High school notes: Prairie’s Corral expects to be back in a week

MRI reveals bone bruise and minor cartilage damage



Heather Corral will miss another game, but her season is not over.

Her doctor is giving the Prairie star another week off from basketball, but she expects to return to the court in time for the opener of the Class 3A bi-district tournament next week.

An MRI revealed a bone bruise and minor cartilage damage in her Corral’s knee, according to her father, Art.

Heather Corral tore her ACL in the left knee last season.

Her doctor believes that an ankle sprain this season led to her knee overcompensating, causing pain and discomfort. She will sit out until next Wednesday to give the ankle and knee time to recuperate.

That means Corral will miss the district tournament championship game Friday night.

The Falcons have already assured themselves a berth to the bi-district tournament. If Prairie wins the district title, the team will open bi-district on Feb. 17. If Prairie loses in the district title game, the Falcons will open bi-district Feb. 15, the day Corral is expected to be cleared to resume basketball.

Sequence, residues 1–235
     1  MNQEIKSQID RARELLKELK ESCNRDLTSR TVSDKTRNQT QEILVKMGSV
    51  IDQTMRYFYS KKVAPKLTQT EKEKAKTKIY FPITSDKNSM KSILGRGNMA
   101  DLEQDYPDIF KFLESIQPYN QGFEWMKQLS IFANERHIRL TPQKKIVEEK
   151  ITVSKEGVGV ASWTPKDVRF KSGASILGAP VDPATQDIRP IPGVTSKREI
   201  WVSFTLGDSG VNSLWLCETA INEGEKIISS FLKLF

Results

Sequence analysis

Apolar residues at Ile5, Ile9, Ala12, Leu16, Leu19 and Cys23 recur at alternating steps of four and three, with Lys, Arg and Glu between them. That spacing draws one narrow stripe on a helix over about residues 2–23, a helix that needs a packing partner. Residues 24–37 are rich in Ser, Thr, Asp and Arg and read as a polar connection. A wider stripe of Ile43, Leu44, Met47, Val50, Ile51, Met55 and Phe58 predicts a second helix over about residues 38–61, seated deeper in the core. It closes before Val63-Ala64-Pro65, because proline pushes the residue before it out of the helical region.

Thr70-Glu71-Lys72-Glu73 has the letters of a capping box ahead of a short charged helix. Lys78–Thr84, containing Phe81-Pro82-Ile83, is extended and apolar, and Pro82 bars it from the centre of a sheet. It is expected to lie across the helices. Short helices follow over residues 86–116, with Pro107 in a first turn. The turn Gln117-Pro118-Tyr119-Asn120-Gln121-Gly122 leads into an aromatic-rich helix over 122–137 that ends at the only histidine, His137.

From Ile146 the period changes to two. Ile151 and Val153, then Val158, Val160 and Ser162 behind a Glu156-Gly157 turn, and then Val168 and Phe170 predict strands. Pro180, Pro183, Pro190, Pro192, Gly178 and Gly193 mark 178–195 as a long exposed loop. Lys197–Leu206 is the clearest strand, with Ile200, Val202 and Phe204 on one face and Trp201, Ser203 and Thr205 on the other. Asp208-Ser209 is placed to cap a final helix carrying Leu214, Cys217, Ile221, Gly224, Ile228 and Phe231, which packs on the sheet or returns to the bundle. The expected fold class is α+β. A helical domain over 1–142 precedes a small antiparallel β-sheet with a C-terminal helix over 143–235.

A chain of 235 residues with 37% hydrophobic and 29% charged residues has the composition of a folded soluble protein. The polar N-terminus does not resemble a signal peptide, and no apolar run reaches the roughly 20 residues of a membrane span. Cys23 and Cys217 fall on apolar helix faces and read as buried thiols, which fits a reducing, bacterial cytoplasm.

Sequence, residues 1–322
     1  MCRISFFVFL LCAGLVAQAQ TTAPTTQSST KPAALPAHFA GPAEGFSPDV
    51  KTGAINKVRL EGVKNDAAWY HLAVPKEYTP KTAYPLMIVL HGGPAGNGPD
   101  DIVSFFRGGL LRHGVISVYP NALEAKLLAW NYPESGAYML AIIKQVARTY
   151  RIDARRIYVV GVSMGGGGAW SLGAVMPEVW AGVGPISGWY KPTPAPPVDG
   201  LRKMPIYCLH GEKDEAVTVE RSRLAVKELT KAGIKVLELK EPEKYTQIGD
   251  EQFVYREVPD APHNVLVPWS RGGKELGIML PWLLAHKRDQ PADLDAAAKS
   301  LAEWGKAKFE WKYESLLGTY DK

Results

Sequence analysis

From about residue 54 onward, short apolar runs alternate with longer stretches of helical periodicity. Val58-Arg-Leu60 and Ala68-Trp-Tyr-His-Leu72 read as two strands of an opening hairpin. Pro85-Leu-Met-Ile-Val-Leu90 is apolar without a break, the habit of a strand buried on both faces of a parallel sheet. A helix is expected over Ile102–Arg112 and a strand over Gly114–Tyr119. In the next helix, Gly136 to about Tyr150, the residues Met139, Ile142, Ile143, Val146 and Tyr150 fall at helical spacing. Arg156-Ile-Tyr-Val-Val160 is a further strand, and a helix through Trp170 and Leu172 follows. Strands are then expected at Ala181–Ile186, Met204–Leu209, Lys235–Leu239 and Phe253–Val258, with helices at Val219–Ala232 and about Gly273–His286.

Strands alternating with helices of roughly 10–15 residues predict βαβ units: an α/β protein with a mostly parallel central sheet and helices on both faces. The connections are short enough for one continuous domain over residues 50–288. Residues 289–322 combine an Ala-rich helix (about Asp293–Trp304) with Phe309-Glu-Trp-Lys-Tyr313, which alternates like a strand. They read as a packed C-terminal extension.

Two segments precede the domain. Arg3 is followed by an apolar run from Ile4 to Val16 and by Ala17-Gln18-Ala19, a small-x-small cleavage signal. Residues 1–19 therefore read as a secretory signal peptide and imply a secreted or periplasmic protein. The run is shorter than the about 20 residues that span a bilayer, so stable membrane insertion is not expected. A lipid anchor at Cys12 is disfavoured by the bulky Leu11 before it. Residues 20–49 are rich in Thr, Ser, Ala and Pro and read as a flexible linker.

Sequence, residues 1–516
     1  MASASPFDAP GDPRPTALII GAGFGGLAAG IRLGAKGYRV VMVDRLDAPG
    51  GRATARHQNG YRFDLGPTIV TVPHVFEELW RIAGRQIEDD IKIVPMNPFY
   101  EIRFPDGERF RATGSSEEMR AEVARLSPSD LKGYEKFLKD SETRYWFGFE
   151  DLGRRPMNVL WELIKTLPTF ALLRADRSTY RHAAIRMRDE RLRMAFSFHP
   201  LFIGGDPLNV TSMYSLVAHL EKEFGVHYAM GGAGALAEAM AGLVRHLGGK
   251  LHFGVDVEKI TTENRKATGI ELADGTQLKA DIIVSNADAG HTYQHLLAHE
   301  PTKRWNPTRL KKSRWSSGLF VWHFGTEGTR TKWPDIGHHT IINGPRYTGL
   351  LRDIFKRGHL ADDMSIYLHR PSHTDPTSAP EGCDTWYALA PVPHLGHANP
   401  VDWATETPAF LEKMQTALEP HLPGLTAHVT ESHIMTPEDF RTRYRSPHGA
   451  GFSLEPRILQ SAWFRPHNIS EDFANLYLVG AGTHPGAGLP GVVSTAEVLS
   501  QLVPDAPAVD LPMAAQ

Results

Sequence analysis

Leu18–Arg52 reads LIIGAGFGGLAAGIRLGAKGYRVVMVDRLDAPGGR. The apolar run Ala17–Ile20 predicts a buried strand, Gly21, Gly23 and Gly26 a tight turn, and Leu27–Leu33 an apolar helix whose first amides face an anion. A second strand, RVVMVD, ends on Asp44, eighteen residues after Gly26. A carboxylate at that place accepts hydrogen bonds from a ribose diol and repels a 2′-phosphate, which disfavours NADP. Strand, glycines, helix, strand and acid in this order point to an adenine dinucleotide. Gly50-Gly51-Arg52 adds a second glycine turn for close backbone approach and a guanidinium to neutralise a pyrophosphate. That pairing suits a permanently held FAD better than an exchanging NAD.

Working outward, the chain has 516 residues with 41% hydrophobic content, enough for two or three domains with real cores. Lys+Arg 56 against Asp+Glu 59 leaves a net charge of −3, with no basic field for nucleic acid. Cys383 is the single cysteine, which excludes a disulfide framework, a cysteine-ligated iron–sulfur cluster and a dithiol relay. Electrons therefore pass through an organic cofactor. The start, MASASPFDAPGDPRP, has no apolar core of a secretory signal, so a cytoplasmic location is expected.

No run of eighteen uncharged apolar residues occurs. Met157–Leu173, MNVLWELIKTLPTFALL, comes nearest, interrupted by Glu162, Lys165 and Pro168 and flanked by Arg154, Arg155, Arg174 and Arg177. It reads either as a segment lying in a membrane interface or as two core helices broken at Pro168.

Corral, who has signed with the University of Washington, is hoping to help the Falcons return to the state tournament. Prairie finished second at state last year, with Corral missing the final five games of the season after suffering her ACL injury.

DeBellis will sign with Illinois

State track and field champion Jennifer DeBellis of Columbia River is set to sign with the University of Illinois.

DeBellis, who set the Class 3A state meet record in the pole vault last spring, plans to sign with the Fighting Illini on Friday.

“I know the team’s really awesome,” she said.

Also a state champion gymnast, DeBellis decided on track and field for her college sport. She said her desire to become an engineer led her to the Big Ten school.

DeBellis is preparing for her final state gymnastics meet Feb. 17-18 before defending her pole vault title this spring.

She never considered trying two sports in college.

“That’s a little too much,” she said. “People think I’m crazy for doing a sport while trying to get an engineering degree.”